Meeting young people, many of whom were abroad for the first time at that time, was very interesting. We had the opportunity to compare many different cultures, opinions, and life conditions – illustrated also by application/success possibilities. From the beginning, participants from Eastern and Central European countries prevailed, later also neurologists from the whole of Europe joined the courses and moreover even those from Institutional Member countries from Africa and Asia.
These young people had and took advantage of this attractive opportunity and have made many friendships. As far as I know one of those friendships turned into marriage. It was great to watch the professional growth of these young people. Some of them later became leading personalities in their specialty, working their way up to be deans, professors, representatives at universities and hospitals or neurological societies of their countries. Some also became involved in various functions in the EFNS and EAN, becoming my collaborators and co-organisers. They also became lecturers at our Spring and Autumn schools, Regional Teaching Courses or congresses. This brought me great satisfaction and joy that our work and all our efforts had and still are having results.
All this would not have been possible without the huge number of doctors and professors who lectured and were willing to share their knowledge. Not only at these courses, but also at congresses, I had the opportunity to meet leading personalities from the world of neurology. I will never forget meeting with Prof. Franz Gerstenbrand and his stories about his elephant somewhere in Burma. I also met Prof. Vladimir Hachinski, James Toole, Johann Aarli, Lord John Walton, Wolfgang Grisold (presidents of the WFN) and I have worked with some of them for many years.
I must not forget the great support of the management of the EFNS and EAN and especially my colleagues from the office, mainly Anja Sander and Julia Mayer, who have become good friends.
Throughout the time, the office moved several times and finally acquired a beautiful residence in the centre of Vienna. The agenda the Head Office is now in charge of has increased many times. Hand in hand with the growing agenda, the team of collaborators also grew to the current number of 40 staff members.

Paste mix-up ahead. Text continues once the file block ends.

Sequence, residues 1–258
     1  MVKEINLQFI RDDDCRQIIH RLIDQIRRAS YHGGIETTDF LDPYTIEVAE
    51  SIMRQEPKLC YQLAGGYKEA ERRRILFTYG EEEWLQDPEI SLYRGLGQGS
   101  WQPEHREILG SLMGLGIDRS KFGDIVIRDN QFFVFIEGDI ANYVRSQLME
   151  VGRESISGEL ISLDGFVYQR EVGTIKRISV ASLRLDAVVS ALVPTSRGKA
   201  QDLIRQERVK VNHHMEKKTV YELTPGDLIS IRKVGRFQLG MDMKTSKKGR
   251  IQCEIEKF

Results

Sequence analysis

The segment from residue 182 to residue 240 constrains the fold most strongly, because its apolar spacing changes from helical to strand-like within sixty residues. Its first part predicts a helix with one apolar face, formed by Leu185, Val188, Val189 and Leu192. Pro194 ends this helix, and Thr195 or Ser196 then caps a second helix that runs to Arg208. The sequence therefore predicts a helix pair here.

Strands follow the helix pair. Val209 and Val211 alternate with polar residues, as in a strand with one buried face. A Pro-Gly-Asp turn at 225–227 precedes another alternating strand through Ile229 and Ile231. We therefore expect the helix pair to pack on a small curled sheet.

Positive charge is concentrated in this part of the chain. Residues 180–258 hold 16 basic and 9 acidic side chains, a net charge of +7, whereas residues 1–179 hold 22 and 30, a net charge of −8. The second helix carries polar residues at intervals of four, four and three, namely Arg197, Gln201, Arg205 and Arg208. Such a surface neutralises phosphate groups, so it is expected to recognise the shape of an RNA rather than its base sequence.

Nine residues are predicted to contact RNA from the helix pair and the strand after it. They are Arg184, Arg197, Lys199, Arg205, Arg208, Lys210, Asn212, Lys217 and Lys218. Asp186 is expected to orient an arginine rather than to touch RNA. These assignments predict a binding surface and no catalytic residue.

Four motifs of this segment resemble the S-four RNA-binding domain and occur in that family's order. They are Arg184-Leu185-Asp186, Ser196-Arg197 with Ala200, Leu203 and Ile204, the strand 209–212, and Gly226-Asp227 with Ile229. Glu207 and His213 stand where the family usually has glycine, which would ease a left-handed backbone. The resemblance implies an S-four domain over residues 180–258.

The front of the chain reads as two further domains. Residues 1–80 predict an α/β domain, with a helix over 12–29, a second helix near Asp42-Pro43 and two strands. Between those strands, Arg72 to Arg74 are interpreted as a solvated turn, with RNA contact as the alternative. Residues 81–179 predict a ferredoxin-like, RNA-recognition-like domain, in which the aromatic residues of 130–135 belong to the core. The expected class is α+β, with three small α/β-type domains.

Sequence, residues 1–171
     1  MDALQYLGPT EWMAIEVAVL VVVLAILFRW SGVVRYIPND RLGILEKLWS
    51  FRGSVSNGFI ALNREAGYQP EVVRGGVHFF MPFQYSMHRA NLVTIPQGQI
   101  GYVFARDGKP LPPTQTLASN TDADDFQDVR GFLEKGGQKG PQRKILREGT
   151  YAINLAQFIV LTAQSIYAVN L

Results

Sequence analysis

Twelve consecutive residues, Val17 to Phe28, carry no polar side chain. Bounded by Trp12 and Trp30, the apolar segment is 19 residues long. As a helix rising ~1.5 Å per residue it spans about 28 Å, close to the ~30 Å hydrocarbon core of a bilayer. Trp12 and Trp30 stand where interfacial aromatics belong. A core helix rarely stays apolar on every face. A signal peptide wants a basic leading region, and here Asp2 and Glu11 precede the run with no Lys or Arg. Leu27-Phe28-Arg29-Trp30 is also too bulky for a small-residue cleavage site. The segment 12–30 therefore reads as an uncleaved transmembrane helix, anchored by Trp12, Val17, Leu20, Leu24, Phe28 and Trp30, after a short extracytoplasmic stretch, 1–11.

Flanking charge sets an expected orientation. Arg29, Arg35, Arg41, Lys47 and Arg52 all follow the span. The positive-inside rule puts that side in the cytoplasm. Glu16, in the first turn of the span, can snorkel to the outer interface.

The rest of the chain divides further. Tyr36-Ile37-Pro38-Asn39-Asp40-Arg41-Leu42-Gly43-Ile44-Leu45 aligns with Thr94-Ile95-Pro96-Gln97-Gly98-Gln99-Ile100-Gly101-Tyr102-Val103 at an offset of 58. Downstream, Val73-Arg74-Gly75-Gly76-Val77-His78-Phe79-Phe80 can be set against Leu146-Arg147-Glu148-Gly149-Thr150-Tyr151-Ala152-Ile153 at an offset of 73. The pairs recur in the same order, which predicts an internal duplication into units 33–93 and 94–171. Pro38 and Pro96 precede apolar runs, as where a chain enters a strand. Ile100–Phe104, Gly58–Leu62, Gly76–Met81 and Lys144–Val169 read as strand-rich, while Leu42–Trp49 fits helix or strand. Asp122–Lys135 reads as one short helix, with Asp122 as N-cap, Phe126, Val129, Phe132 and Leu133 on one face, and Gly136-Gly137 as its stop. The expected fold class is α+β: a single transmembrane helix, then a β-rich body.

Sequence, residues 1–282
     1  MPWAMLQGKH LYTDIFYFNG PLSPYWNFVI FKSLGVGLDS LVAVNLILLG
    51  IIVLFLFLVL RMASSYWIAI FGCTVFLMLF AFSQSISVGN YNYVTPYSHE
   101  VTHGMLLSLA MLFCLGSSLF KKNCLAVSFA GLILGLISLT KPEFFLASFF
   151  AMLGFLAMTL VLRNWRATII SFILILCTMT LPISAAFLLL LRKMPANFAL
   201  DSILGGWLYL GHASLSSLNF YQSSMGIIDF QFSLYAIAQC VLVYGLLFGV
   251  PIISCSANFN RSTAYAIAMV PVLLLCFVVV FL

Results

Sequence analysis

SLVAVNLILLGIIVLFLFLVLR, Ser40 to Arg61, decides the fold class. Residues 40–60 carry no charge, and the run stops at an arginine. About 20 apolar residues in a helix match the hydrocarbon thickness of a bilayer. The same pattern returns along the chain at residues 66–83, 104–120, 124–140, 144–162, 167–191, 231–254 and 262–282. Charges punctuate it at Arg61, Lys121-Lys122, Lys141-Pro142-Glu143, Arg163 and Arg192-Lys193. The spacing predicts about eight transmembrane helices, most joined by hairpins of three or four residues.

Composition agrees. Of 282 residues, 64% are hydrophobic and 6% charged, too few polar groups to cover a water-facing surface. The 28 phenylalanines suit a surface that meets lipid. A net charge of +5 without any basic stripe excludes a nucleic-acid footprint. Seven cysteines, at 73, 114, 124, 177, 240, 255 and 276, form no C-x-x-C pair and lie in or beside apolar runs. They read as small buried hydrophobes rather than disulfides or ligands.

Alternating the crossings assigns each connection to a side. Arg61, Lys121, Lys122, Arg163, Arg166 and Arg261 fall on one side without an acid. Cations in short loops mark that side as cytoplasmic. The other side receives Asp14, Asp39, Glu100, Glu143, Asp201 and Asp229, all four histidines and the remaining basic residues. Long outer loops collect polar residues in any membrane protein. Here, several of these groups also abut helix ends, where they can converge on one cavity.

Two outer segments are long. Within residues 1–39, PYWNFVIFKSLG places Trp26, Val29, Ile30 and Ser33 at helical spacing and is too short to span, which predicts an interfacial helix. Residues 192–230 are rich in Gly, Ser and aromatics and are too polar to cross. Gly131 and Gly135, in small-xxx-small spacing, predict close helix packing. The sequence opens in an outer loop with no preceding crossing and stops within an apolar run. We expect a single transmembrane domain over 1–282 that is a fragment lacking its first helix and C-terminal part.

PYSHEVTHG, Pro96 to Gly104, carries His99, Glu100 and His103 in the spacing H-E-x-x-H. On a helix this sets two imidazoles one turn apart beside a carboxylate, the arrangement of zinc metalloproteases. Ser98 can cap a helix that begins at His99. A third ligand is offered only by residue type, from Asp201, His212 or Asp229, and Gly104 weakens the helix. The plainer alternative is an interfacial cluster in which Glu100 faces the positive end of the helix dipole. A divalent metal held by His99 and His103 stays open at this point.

How has neurology changed during this time? I can’t judge that, but I can see how the work related to the organisation of education has changed. From paper letters and faxes, slides, to almost everything in electronic form. Also, face-to-face meetings have changed a lot to various video conferences, Zoom meetings (of course very much influenced by the global health situation), which is a great pity. Of course progress cannot be stopped, but nothing can replace talking to someone face to face, having fun, getting to know foreign countries and cultures, and this is simply wonderful.
And finally some numbers:
I had the opportunity to meet 8 EFNS and EAN Presidents and cooperate with 3 Executive Directors.
There were 2,300 participants from 64 countries of Europe, Asia and Africa and 229 lecturers at my 23 Spring schools courses.
I corresponded with hundreds of grant applicants, 1,028 grantees within the Department to Department and Clinical Fellowship programmes.
I had the opportunity to visit some Regional Teaching Courses (Yekaterinburg, Petrozavodsk, Tbilisi, Yerevan, Szeged) and to work for 23 congresses throughout the whole of Europe.
I find neurologists a special kind of people, but I like them. And I was happy to have the opportunity to experience all this.
See also: Magda’s Staff Profile